IG. 3 s ows a state where in a nitted cloth is divided into two parts, i.e., right and left sides, by pulling out the weft yarns. The weft yarns can be easily pulled out by simply cutting anywhere with scissors. On knitting this bandage cloth only a given part of the weft yarns'may be formed with watersoluble yarn and after dissolving the soluble yarn by hot water treatment, it is possible to efficiently conduct the knitting process using the full width of a knitting machine and to easily determine the desired width of the product.

We claim:

I. A fabric for surgical bandage or the like comprising a plurality of chains of chain stitches extending in the direction of warp and formed of nonelastic yarn, nonelastic weft yarn members running reciprocatively across and through adjacent loops in adjacent chains for at least a portion of the length of the chains at least some of which weft yarn members are water soluble whereby on dissolution or cutting of a weft yarn member and withdrawal thereof the fabric is divided in the direction of the warp.

2. Structure as set forth in claim 1 and further including additional weft yarn members running reciprocatively across and through adjacent loops in a chain of chain stitches for at least a portion of the length of the chain which additional weft yarn members are elastic.

3. Structure as set forth in claim 1 wherein the nonelastic weft yarn members extend across and through chains of chain stitches separated by at least one intermediate chain of chain stitches.

4. Structure as set forth in claim 2 wherein the nonelastic weft yarn members extend across and through chains of chain stitches separated by at least one intermediate chain of chain stitches.

5. Structure as set forth in claim'l wherein at least some of the nonelastic weft yarn members are one of, cotton yarn, rayon yarn and polynosic fiber yarn.

6. Structure as set forth in claim 2 wherein at least some of the nonelastic weft yarn members are one of cotton yarn,

loops in adjacent chains for at least a portion of the length of the chains and additional weft yarn members running reciprocatively across and through adjacent loops in a chain of chain stitches for at least a portion of the length of the chain which additional weft yarn members are elastic whereby stretching of the fabric in the warp direction is permitted and on removal of a nonelastic weft yarn member the fabric is split in the direction of the warp.

9. Structure as set forth in claim 8, wherein at least some of the nonelastic weft yarn members are one of cotton yarn, rayon yarn and polynosic fiber yarn.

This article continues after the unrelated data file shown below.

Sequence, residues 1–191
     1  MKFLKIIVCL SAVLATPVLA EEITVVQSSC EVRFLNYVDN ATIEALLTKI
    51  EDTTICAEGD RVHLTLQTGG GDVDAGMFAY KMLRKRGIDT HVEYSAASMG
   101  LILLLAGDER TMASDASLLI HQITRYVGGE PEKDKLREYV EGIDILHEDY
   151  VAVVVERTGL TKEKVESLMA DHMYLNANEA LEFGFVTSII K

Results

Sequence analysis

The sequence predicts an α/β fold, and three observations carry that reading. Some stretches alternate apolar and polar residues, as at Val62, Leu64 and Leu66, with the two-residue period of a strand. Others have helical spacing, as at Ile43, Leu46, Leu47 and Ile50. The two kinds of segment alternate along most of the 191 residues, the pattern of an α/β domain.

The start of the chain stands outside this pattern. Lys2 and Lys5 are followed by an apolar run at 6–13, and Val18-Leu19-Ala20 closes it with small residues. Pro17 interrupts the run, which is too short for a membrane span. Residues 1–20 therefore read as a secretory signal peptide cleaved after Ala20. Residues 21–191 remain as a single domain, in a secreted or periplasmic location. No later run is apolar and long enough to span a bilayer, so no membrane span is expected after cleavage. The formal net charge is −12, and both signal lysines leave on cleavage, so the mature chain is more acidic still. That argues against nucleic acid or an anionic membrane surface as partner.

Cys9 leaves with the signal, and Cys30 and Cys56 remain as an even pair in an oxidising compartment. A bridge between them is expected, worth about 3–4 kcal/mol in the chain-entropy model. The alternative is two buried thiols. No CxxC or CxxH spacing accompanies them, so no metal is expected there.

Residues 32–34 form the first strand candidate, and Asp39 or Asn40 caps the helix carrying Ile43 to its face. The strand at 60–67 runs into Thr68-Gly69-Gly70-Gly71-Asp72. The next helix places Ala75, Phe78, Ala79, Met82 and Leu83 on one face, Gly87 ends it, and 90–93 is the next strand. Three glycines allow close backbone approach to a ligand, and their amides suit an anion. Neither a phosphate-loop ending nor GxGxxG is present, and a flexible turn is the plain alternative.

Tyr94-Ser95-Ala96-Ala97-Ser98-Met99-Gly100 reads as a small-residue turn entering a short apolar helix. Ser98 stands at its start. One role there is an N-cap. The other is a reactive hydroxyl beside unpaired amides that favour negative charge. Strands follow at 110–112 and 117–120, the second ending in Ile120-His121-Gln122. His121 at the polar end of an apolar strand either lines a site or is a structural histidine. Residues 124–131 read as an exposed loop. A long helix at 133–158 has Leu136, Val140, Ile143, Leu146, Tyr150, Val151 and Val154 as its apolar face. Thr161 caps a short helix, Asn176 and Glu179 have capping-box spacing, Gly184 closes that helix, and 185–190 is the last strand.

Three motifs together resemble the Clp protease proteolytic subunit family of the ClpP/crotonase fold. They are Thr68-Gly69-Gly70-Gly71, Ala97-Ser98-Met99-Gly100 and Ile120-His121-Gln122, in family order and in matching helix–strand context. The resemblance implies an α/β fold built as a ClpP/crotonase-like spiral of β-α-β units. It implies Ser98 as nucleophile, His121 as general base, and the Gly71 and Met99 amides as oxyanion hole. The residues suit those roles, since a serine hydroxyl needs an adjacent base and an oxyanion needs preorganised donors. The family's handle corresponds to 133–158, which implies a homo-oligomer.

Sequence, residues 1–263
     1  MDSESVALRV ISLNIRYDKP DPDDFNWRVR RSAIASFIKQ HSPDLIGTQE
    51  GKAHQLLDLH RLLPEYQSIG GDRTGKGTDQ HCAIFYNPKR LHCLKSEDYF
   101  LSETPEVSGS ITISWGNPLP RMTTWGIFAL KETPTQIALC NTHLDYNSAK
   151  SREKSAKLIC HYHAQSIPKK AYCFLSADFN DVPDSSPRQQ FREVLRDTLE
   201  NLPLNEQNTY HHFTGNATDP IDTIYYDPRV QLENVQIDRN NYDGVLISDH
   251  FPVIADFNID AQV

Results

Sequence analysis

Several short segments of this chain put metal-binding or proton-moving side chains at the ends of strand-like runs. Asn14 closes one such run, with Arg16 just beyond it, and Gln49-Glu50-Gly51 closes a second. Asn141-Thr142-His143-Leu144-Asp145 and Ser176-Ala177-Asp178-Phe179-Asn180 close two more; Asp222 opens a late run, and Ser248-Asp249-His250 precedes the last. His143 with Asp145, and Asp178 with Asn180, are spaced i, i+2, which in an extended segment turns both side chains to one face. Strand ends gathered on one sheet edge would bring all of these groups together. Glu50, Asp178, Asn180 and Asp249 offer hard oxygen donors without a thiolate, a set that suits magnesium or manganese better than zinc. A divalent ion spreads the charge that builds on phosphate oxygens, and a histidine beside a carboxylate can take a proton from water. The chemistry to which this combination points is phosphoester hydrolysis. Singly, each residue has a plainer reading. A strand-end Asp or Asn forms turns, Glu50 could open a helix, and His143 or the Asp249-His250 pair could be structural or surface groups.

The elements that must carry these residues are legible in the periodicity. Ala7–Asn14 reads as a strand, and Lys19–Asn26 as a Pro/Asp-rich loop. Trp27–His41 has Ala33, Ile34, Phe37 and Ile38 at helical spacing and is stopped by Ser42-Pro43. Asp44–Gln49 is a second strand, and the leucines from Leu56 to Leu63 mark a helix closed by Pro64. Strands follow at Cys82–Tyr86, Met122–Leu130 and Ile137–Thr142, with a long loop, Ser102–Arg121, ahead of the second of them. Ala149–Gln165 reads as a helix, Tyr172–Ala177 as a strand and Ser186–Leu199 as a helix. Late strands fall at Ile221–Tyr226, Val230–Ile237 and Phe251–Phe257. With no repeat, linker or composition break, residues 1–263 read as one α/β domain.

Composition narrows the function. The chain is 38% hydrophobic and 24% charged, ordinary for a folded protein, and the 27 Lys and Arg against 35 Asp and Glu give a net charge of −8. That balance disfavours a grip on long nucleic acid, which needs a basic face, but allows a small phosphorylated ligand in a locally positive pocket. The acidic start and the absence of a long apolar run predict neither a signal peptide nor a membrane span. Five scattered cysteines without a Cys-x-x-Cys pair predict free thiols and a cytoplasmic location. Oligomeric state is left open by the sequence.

10. Structure as set forth in claim 8, wherein at least some of the elastic weft yarn members are one of covered yarn, core yarn, or bare yarn.

Patent Citations
Cited PatentFiling datePublication dateApplicantTitle
US2411175 *Aug 22, 1939Nov 19, 1946William F GeibelElastic fabric and method of making the same
US2706898 *Jan 31, 1951Apr 26, 1955Fairhope Fabrics IncKnitted elastic fabric
US3339549 *Nov 2, 1959Sep 5, 1967Johnson & JohnsonSanitary napkin with knitted wrapper
US3461695 *Sep 19, 1967Aug 19, 1969Kendall & CoTwo-way stretch garment incorporating inlaid elastomeric yarn
Referenced by
Citing PatentFiling datePublication dateApplicantTitle
US3685474 *Oct 20, 1970Aug 22, 1972Opti Holding AgMethod of making side-fastener stringers
US3708836 *Oct 20, 1970Jan 9, 1973Opti Holding AgWarp-knit slide-fastener stringer
US3724457 *Nov 17, 1970Apr 3, 1973E KlatteBandaging means
US3738125 *Dec 8, 1970Jun 12, 1973Smithfield Fibers IncThree-strand knitted yarn
US3747374 *Sep 15, 1971Jul 24, 1973R MeyerStretchable tubular fabric
US3757541 *Oct 20, 1970Sep 11, 1973Optic Holding AgStringer foundation for slide fastener
US3808840 *Apr 16, 1973May 7, 1974Smithfield Fibers IncThree-strand yarn knitting machine and method of knitting
US3848556 *Nov 26, 1971Nov 19, 1974Yoshida Kogyo KkMethod for producing a sliding clasp fastener
US3965703 *Apr 18, 1975Jun 29, 1976Southern Webbing MillsWarp knitted compression bandage fabric
US3999407 *Apr 1, 1975Dec 28, 1976Stedman CorporationEmbossed striped elastic warp knit fabric and method of making same
US4215684 *Sep 18, 1978Aug 5, 1980Lohmann Gmbh & Co. KgPermanent elastic net-shaped bandage, especially for medical purposes
US4244199 *Jul 5, 1979Jan 13, 1981Milliken Research CorporationWarp knit elastic tape construction for use as waistband reinforcement
US4248064 *Feb 14, 1979Feb 3, 1981Stedman CorporationLock-stitch knitted elastic fabric
US4331135 *Oct 24, 1980May 25, 1982Lohmann Gmbh & Co. KgPermanently elastic network bandage
US4391106 *Apr 21, 1980Jul 5, 1983Karl Otto Braun K.G.Wound dressing
US4476697 *May 26, 1983Oct 16, 1984Karl Otto Braun KgWound dressing
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US4751133 *May 11, 1987Jun 14, 1988Thermedics, Inc.Medical patches and processes for producing same
US4798200 *Dec 9, 1987Jan 17, 1989Milliken Research CorporationSelf-adhering orthopedic splint
US4880690 *Sep 9, 1988Nov 14, 1989Thermedics, Inc.Perfume patch
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US8641653 *Aug 31, 2011Feb 4, 2014Martin WinklerCompression garment
US20110119807 *Nov 24, 2009May 26, 2011Dellacorte MichaelArticle for alleviating bunion deformity and pain
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US20130014544 *Aug 31, 2011Jan 17, 2013Martin WinklerCompression garment
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Classifications
U.S. Classification602/76, 66/193
International ClassificationD04B21/00, A61F13/15, A61F13/00
Cooperative ClassificationD10B2509/028, D04B21/18, A61F2013/15235, A61F2013/00102, A61F2013/00238, A61F2013/00119, A61F13/00021
European ClassificationA61F13/00A4, D04B21/00